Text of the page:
In Food Forests, Land Design, Permaculture, Regenerative Solutions, Rob Avis

In our last blog, we looked at how water and soil interact in assuring the success of your permaculture property. In this post, we’re going to take a look at how you can revive the soil ecosystem of a depleted suburban lawn as the first step toward creating your food forest.

When we began creating our permaculture homestead in Calgary, the front yard looked exactly like every other yard in the neighbourhood: a monoculture grass crop growing in poor, highly compacted soil. But we were already envisioning our food forest: a biodiverse, self-sustaining ecosystem growing delicious, nourishing food to sustain our family and serve the community. 

To achieve that vision, we needed to build it, literally, from the ground up! And we wanted to provide all the components we’d need to support the food forest, in the food forest.  

We began by sheet mulching and composting to establish the soil system. Next, we strategically selected plants to provide the nutrients and conditions our food crops would need….and just three short years later, we were already seeing the difference! The soil was starting to clump and form aggregates, and we were seeing bugs, worms, and other creepy-crawlies beneath the surface.

How could this happen so fast? When Rob was apprenticing at permaculture pioneer Geoff Lawton’s Zaytuna Farm in Australia, he learned the “chop and drop” technique: growing a cover crop, then chopping it to the ground to release its nutrients. It’s a highly efficient way of fast-tracking healthy soil development without chemical amendments.

Rob explains the principles of chop and drop in the Avis food forest in Calgary.


Of course, you could use this technique with just about any cover crop: all plants absorb nutrients and release them back to the soil when they’re cut and mulched, or die and decompose. But the real magic comes when you stack functions, strategically selecting your plants for the ecosystem services they’ll provide in your food forest as well as the nutrients they provide. 

So, for example, we planted a small pear tree adjacent to cover crops of rhubarb and comfrey. These two played important roles in our pear tree guild: the comfrey is both an insectary (attractive to pollinating insects and birds) and a dynamic accumulator: its long taproot dives deep below the soil, absorbing calcium, magnesium, phosphorus, potassium, and other minerals which are stored in its large leaves. Meanwhile, the giant, funnel-shaped leaves of the rhubarb act as a water harvesting system, while storing calcium, potassium, and other minerals mined by roots that can extend 18” deep.

Once the comfrey and rhubarb reached maturity (and were crowding the pear tree), Rob cut them down, chopped their stalks and foliage into mulch, and piled that around the tree’s roots. The tree gained light and air, while the decomposing mulch released the nutrients that had been stored in the cover crop foliage.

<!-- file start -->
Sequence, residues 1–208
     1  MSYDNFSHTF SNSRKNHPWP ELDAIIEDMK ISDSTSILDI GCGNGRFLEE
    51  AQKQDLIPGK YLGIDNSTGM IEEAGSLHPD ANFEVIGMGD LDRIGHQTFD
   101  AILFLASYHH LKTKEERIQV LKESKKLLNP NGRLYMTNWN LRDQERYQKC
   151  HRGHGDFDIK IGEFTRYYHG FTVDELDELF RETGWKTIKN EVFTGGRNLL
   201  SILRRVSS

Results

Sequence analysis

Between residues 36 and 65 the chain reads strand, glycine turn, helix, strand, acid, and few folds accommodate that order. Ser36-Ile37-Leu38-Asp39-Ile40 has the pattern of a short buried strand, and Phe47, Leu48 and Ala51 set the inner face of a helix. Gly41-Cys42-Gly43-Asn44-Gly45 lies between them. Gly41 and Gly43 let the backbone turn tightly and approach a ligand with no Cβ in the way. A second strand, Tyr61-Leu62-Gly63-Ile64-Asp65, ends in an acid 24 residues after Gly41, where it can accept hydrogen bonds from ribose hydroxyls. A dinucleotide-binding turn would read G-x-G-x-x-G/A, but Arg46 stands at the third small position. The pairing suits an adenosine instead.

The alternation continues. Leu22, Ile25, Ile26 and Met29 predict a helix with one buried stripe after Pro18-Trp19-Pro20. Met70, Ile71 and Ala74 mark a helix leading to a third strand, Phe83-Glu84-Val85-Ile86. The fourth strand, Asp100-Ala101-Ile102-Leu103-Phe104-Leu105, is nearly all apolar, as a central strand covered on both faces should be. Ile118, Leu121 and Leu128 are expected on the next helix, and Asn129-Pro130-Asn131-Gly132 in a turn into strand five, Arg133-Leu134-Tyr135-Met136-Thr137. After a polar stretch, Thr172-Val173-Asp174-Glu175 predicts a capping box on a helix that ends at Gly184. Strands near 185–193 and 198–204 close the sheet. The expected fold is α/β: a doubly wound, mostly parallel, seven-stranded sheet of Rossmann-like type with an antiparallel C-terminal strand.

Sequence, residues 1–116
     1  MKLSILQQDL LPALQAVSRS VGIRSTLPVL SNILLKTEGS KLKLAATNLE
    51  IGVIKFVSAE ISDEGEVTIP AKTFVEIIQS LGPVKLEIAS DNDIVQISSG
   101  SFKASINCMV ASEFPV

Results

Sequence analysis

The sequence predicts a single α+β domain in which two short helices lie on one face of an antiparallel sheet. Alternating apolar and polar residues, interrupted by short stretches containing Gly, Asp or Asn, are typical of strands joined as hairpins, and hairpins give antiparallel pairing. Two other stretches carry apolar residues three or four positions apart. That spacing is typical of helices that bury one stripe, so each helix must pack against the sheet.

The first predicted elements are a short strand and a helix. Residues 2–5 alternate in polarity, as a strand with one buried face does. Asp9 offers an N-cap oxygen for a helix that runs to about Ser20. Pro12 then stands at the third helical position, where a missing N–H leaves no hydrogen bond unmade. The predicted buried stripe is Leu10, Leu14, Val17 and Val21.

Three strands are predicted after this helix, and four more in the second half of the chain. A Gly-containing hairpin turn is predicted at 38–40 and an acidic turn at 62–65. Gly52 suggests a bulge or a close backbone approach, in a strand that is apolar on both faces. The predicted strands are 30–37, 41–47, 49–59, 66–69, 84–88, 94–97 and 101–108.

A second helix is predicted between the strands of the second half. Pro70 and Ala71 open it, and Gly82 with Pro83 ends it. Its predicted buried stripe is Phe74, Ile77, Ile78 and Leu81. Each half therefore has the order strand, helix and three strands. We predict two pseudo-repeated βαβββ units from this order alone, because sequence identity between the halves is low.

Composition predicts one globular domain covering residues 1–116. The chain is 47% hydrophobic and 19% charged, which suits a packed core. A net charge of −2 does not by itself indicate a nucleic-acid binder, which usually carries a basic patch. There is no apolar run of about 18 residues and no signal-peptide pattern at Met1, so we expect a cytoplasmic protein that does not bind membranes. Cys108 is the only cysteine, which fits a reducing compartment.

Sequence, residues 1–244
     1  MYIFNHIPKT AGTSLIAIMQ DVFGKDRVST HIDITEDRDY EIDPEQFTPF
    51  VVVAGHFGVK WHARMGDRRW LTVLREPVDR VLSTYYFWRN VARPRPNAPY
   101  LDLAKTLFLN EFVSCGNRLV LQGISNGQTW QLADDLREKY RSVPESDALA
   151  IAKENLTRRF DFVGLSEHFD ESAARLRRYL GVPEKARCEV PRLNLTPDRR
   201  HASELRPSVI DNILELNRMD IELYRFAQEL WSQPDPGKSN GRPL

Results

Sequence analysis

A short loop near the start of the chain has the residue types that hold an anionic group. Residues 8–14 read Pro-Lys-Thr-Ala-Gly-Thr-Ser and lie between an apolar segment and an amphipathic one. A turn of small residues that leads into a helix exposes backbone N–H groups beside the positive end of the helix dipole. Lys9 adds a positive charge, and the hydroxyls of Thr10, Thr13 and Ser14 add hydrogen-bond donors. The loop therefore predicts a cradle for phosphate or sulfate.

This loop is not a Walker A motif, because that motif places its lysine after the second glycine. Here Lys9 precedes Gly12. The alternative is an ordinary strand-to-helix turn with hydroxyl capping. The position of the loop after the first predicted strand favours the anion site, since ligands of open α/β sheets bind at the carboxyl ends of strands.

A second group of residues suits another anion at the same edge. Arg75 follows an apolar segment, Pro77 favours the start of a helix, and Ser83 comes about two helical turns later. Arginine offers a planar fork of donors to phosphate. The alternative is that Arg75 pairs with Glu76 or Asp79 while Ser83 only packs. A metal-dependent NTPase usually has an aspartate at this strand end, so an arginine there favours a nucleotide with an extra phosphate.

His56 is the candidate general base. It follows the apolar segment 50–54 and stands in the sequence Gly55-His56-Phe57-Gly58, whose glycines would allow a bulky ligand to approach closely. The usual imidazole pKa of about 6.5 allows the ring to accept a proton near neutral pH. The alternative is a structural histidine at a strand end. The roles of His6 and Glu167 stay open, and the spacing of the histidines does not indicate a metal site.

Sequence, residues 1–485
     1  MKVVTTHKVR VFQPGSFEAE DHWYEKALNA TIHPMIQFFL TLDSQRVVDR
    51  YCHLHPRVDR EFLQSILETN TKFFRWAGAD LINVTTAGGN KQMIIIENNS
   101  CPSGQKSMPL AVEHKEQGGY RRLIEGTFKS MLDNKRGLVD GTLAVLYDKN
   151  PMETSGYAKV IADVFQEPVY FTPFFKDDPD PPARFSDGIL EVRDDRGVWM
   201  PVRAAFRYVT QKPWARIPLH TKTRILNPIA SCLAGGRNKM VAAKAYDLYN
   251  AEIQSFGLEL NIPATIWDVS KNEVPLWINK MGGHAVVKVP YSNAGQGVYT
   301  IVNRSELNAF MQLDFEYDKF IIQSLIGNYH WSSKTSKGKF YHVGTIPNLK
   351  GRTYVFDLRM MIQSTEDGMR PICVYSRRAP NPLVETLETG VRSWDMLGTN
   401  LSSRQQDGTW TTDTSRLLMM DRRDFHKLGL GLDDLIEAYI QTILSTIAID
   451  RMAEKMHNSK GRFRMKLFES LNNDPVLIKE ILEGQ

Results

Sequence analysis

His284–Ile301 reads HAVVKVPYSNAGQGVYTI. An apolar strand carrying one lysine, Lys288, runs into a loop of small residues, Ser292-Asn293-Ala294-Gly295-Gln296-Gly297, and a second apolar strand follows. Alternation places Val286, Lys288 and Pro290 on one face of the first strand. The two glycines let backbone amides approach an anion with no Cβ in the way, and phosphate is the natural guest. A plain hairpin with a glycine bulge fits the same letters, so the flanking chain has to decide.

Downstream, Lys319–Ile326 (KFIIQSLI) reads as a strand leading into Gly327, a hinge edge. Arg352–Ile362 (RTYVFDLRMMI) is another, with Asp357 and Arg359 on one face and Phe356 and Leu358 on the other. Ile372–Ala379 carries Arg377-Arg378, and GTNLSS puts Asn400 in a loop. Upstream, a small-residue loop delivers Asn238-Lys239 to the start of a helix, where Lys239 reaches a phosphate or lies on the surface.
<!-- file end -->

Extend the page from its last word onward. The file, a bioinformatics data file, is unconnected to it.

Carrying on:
So what do you look for in choosing cover crops for your food forest? Consider the functions you want these plants to serve:

Shading the soil: these are large-leafed plants like comfrey and rhubarb, as well as borage, burdock, Swiss chard, and others. They all have taproots to plumb the soil, and store minerals in their leaves while they shade and cool your food-forest floor.

Providing mulch and nutrients: You can chop and mulch both large-leafed and grassy grain cover crops to gain the nutrients from their leaves. Buckwheat, for example, accumulates phosphorus and potassium, making its leaves an ideal mulch for potatoes. Other cover crops, such as beans, peas, or clover, release nitrogen to the soil through nodules in their roots as they decompose. 

A buckwheat crop in flower.

buckwheat cover cropContributing to the soil structure: All cover crops photosynthesise carbon dioxide and store it in their foliage and stems, exuding carbon to the soil structure through their roots as a form of sugar. This feeds soil microorganisms, whose activity supports healthy soil aggregation. Grains such as buckwheat and ryegrass are particularly useful in this way, with their thin, densely networking roots. 

De-compacting the soil and improving bioactivity: The real heroes here are “biodrilling” plants such as Daikon radish, whose roots can penetrate compacted soils to a depth of six feet or more. As the roots die back, microorganisms feast on them, opening space for air and water to restore a healthy soil ecosystem.

Full-sized Daikon radishes, freshly harvested,

daikon radishes with soil still on the rootsThese are only a few of the cover crops you can use to revive depleted or compacted soil and guarantee the success of your forest garden, without the need to schlep in bags of fertiliser and other amendments…never mind the environmental cost in energy and pollution!

Want to learn more about cover crops for your forest garden? Check out Rob’s video on how he laid the groundwork for a client’s ¼-acre food forest with a “kill crop” of  buckwheat, pea and rye grass:

To get you started on your food forest creation journey, check out our other post,  How to Design a Permaculture Food Forest

And be sure to sign up for our newsletter HERE, so you’ll be the first to hear about our upcoming, brand-new Food Forest course! 

Recommended Posts

Start typing and press Enter to search

How to Harvest Water for a Drought-Resistant Food ForestHow Passive Irrigation with Roof Runoff Saved Us a Fortune in City Water Bills